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Frog Music opens with a song—fitting, given this music-filled narrative—and a murder. Jenny Bonnet, frog-catching, cross-dressing, loveable misfit, meets an untimely demise in the first scene; Blanche Beunon, her new friend, is bent over unlacing her gaiter at the time the mysterious shots shatter the window and pierce Jenny’s body.
This is the summer of 1876, San Francisco—a record-breaking heat wave grips the city, a smallpox epidemic rages, cultural clashes and raging stereotypes abound. The guilt-ridden and confused Blanche spends the next three days in a frenzy, attempting to bring Jenny’s murderer to justice and risking her whole life to do so. As Blanche races around the city, desperate for clues, searching for answers, she uncovers innumerable secrets and begins to unfold the riddle of Jenny’s past. As such, Frog Music is a mystery novel on many levels—every character is riddled with secrets and Blanche is intent on uncovering them all, which she does, revealing layer after complex layer. The things she discovers are as unexpected as the ultimate identity of Jenny’s murderer.
Frog Music feels remarkably contemporary—especially the ways in which Jenny’s murder is treated by the media (sensationalist half-truths) and the police force (they may put on a show of caring, but ultimately, seem unlikely to find the killer and bring him to justice). There’s the curious attraction budding between Jenny and Blanche, that thin line which female friendships sometimes cross. There’s Jenny’s renunciation of traditional female garb (she’s done jail time for it) and work—she catches frogs to keep the French and Chinese restaurants in the city supplied with legs. All this said, Donoghue is careful not to imbue contemporary judgments on these characters or this plotline. Blanche is a prostitute and a burlesque dancer, and she makes no apologies for it: she loves sex, she loves the finery her earnings bring, she loves to be wanted. Until Jenny shows up in her life, she doesn’t question supporting her gambling maque (French-specific pimp, for a man living off of, but not organizing, his woman’s earnings) Arthur and his friend Ernest, nor does she question the whereabouts or health of her one-year-old son. She’s blissfully ignorant, a selfish and not-too-likeable young woman. Despite this, and because of Jenny’s entrance in her life, Blanche begins to change—she is transformed by Jenny’s presence, inspired to ask questions and dig deeper in the present situation of her life. This transformation drives the events of Frog Music.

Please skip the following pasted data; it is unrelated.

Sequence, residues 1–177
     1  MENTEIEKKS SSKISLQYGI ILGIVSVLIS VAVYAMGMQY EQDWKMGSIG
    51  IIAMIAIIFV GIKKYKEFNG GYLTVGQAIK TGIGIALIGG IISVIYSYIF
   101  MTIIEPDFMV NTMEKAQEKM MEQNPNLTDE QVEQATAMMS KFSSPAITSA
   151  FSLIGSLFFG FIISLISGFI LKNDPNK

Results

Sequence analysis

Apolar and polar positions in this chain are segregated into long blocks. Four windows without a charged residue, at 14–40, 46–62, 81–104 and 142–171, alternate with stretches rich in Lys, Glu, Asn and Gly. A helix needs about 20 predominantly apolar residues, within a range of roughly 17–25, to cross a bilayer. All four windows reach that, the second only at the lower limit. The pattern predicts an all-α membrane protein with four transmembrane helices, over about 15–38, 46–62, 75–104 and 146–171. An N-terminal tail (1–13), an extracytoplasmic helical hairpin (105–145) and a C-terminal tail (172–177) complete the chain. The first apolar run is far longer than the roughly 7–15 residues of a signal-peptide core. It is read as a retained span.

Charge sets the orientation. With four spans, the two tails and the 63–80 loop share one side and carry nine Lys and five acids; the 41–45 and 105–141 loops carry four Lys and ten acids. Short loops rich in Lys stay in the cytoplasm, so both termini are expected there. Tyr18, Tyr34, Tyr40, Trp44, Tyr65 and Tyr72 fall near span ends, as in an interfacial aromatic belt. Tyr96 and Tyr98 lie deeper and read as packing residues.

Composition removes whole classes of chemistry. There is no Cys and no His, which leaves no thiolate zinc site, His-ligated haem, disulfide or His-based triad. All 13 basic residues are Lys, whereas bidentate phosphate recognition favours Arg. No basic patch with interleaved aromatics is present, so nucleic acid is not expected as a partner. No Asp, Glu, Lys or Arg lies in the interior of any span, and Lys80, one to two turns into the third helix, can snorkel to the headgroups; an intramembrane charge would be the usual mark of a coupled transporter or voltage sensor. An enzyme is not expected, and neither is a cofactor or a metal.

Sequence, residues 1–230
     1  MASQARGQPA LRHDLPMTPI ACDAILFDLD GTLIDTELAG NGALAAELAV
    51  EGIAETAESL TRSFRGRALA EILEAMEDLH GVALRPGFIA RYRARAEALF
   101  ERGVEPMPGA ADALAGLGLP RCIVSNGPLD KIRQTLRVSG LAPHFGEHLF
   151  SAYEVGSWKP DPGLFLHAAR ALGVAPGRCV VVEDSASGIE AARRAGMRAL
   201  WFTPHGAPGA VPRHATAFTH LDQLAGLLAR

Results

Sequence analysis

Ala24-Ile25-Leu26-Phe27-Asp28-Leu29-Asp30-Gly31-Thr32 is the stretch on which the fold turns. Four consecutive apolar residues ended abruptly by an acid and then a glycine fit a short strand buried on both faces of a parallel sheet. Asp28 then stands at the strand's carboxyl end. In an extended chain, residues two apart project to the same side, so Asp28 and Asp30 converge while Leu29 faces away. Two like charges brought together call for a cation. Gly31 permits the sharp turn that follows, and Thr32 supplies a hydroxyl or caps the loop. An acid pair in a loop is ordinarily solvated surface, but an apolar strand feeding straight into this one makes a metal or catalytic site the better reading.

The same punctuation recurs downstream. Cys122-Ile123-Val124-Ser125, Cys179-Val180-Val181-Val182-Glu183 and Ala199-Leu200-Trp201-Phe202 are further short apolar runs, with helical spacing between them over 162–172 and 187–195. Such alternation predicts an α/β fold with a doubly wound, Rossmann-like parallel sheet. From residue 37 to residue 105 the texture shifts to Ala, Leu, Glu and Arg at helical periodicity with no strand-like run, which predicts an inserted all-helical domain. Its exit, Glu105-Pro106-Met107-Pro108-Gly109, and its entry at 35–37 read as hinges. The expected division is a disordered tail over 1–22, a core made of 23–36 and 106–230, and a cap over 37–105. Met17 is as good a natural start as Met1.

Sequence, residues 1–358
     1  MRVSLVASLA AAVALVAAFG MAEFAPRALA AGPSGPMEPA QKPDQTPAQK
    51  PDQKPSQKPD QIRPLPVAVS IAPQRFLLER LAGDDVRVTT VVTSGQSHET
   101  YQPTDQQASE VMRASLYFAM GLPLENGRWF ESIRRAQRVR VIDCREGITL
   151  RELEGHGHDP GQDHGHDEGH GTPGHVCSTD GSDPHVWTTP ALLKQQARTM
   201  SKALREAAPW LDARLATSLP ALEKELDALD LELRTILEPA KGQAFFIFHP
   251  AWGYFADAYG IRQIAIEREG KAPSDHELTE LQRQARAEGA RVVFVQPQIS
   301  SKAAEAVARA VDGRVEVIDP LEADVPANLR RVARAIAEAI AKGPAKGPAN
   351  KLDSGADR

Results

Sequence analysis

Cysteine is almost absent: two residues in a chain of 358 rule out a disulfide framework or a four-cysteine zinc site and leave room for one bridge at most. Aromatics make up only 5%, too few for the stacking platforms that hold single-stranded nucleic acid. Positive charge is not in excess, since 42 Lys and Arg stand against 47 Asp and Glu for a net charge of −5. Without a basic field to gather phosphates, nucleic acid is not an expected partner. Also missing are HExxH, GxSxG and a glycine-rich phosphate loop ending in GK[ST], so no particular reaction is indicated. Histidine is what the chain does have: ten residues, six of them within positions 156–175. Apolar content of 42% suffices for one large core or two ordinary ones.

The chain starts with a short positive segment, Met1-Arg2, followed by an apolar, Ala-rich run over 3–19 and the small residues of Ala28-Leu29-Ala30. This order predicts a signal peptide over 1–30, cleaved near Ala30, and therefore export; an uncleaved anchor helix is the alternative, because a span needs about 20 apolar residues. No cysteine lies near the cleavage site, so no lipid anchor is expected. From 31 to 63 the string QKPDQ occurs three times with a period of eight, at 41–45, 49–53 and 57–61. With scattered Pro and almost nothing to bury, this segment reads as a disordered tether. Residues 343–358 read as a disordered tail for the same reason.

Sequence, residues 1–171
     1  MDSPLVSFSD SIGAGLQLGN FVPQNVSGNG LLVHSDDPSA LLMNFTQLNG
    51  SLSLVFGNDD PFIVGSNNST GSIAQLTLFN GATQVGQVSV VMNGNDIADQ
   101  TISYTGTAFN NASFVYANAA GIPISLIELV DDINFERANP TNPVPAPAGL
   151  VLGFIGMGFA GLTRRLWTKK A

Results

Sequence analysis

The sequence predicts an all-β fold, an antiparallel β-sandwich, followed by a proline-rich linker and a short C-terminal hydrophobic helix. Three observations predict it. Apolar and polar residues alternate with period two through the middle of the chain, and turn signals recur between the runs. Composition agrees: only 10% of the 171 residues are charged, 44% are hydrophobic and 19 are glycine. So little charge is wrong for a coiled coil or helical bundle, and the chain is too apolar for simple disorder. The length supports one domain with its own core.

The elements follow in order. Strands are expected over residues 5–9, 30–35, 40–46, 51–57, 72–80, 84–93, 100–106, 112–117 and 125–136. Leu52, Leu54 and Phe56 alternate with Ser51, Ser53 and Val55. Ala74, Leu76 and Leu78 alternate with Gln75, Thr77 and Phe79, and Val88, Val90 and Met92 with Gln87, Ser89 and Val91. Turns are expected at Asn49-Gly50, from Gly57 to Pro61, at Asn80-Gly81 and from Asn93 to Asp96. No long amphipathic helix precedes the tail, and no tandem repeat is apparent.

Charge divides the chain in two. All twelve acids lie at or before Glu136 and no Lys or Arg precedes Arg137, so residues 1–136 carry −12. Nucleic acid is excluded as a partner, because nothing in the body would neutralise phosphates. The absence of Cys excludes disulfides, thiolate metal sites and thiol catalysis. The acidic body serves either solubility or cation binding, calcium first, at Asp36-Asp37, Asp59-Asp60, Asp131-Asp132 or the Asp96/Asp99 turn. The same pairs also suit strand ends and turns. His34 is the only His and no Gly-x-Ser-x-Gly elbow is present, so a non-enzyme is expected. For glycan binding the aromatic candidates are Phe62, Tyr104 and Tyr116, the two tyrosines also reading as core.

No discussion of this novel would be complete without mentioning music. In the opening scene, when gunshots crack the air, Blanche mistakes them for lightning, superstitiously thinking she’s brought on a storm. And music continues to loom throughout Frog Music. The songs add texture and heart to the narrative—Jenny’s an inveterate songster, picking up music as she cavorts around the city, and this habit in turn becomes Blanche’s. The songs, in some ways, influence the events of the narrative as much as the characters’ actions do—the pulse of the music beating firmly beneath the plot.
This is Donoghue’s first full-length novel since her bestselling Room, and though the subject matter couldn’t be more dissimilar, Donoghue’s trademark language and curiosity about the seedier aspects of humanity are on full display. Though the story sags a little in the middle, this otherwise fast-paced mystery is a captivating exploration of female friendship, music, cultural clashes, San Francisco’s history, childcare, and the sex trade in the United States. Call it a literary crime novel, call it historical fiction, call it lyric and engaging, Frog Music is in a category all its own.
By Emma Donoghue
Little, Brown and Company
Hardcover, 9780316324687, 416 pp.